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Feature The New Normal

It’s normal to deliver projects more efficiently... A flatlining economy, in which clients

AFTER RECESSION comes recovery — doesn’t it? Except that three and a half demoralising years since the credit crunch, there’s no sign of recovery. Instead, we’re in the New Normal, an unfamiliar territory where workloads and contract sizes have shrunk, but the skills needed to deliver them have risen; client expectations are up while the prices they’re paying are down. “People have come to terms with the fact that we’re in a new world, it’s not a short-term deal and things have changed,” says Peter Jacobs FCIOB, managing director for the London region at Morgan Sindall Construction. The New Normal is winning work at

margins so thin that one wrong move could pitch the project into a loss. Clients are achieving “more for less”, with out- turn costs wiping out the construction price inflation of the boom years and more. It’s working on smaller contract sizes — a Construction News/Glenigan survey found that the average contract size fell from £14m in 2008 to £8.7m in 2011. And it’s the sight of major national names on tender lists for six-figure contracts — and now being joined by work- hungry contractors from Ireland. The conundrum of the New Normal is

that the work pipeline has by no means dried up: it’s just narrowed and moving at a slower pace. “It’s a different type of economy — there’s still an ageing population, school places need to be delivered, the demand for social housing is still high. It’s about efficiency, effectiveness and unlocking value,” says Graham Kean, head of public at EC Harris. “The projects are about refurbishment, remodelling and adapting to reduce operating costs.” In other words, contracts that are lower in value, but more demanding in terms of skills, labour and resources.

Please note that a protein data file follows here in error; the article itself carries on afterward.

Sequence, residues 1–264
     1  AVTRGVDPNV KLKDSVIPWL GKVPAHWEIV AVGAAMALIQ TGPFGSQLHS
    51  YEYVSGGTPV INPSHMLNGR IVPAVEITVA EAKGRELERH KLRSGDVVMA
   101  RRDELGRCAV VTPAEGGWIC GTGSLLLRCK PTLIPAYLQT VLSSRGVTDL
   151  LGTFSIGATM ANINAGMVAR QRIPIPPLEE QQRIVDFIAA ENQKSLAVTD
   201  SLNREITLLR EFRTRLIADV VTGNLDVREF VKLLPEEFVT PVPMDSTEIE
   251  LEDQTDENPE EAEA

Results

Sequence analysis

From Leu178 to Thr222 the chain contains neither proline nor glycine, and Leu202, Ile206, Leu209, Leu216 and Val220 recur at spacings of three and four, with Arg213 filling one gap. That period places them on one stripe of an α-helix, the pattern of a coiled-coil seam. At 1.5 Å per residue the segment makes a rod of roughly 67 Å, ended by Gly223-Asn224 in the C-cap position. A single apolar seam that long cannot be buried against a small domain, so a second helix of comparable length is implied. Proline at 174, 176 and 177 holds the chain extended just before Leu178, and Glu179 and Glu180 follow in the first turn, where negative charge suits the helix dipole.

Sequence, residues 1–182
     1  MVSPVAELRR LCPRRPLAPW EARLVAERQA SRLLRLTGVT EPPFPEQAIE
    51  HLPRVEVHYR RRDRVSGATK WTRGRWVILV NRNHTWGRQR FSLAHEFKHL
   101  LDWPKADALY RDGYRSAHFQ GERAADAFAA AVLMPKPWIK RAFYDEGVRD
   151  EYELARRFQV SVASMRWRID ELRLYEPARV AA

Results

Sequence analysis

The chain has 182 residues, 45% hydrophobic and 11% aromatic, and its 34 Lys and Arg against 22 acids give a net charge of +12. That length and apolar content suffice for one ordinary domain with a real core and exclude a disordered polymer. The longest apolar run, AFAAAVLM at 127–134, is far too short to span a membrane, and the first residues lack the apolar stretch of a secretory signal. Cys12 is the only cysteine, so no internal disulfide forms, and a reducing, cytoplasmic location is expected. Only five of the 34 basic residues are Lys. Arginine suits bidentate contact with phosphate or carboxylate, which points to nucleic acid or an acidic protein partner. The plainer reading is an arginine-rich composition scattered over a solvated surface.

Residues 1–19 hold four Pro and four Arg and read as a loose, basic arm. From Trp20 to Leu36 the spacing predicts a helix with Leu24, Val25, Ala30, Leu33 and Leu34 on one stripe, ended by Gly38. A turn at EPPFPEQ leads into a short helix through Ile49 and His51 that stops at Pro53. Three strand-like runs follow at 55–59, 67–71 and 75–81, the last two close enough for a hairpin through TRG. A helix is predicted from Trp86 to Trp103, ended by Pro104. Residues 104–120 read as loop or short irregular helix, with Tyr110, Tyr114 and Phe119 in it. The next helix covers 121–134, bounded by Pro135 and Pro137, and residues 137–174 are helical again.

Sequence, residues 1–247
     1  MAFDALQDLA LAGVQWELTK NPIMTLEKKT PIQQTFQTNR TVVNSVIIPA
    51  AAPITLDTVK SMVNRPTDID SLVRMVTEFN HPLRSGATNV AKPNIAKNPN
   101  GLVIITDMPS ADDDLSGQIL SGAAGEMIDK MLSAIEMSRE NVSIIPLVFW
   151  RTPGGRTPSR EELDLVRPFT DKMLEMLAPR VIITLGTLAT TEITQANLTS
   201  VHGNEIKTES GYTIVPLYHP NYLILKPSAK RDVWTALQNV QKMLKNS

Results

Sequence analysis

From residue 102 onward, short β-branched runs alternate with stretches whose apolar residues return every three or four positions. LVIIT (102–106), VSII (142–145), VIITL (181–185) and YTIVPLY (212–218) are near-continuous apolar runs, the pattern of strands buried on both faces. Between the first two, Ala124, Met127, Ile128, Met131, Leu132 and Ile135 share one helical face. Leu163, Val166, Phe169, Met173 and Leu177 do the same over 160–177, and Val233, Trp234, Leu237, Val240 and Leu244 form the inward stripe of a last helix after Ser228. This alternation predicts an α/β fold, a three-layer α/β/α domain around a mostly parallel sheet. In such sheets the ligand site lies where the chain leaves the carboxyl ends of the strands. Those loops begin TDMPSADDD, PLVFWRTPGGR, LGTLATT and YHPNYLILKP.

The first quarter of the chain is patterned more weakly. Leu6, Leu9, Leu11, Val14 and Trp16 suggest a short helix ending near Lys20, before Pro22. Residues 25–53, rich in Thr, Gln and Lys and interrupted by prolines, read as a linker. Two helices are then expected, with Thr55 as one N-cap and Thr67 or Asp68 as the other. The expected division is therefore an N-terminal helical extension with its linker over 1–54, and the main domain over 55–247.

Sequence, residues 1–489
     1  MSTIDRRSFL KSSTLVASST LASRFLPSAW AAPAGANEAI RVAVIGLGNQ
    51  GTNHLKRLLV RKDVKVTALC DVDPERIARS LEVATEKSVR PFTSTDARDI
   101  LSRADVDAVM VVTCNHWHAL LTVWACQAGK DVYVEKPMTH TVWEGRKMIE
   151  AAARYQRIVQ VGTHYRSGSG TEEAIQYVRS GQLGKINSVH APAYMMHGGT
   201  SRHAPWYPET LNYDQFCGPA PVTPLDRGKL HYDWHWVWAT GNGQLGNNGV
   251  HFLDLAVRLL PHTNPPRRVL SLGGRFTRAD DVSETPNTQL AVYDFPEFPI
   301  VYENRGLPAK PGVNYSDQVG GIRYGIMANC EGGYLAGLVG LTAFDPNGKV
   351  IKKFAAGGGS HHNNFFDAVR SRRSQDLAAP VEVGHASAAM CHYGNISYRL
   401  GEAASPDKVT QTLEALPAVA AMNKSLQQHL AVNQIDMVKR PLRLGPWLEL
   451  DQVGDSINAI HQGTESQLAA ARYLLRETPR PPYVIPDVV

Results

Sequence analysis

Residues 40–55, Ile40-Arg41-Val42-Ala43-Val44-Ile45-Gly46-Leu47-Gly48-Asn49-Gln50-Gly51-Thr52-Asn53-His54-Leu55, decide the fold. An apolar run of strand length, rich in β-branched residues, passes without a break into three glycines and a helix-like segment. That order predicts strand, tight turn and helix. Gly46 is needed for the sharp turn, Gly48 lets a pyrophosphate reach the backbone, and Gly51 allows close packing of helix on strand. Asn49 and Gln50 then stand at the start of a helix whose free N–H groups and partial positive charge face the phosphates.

Business as usual So how is the construction sector adapting? Clearly, different businesses are experiencing it in different ways. For the premier league players, insulated by major projects such as Crossrail and the remaining BSF and public sector framework deals, there is possibly a greater sense of business as usual. It’s also clear that New Normal in London and the south-east is more comfortable than it

routinely expect “more for less”, has achieved what two decades of

government initiatives and exhortations failed to do: broadly speaking to deliver projects at cut-throat prices and still make a margin, contractors are embracing lean thinking, squeezing out waste and reducing rework to a minimum.

From the perspective of 2012 and its new emphasis on efficiency, some of the out-turn costs racked up in 2008-10 begin to look distinctly off-colour. According to EC Harris, average per m2 out-turn costs in education projects fell from £2,700 in 2009/10 to £1,400 in 2011.

Martin Chambers PPCIOB, frameworks director at Shaylor Construction, reports that prices are back at 2005 levels, wiping

out the 10-15% cost inflation of 2005-08. “I’d say we are 15% more efficient, we use more off-site, we take more waste out, we’re better at getting it right first time,” he says.

At Morgan Sindall, Peter Jacobs says he’s aware of far less waste in the supply chain. “The best of the specialists [trade contractors] have upped their game a lot over the last few years, say by 20%. A lot of the old adversarial stuff has been driven out of the supply chain.” But some of the improvements in

efficiency can be found closer to home. “Everyone’s working a lot harder than they were. But [after redundancies] you’re left with the best people in the business, so you manage to get more work done,” says Phil Wilding at Wilding & Butler.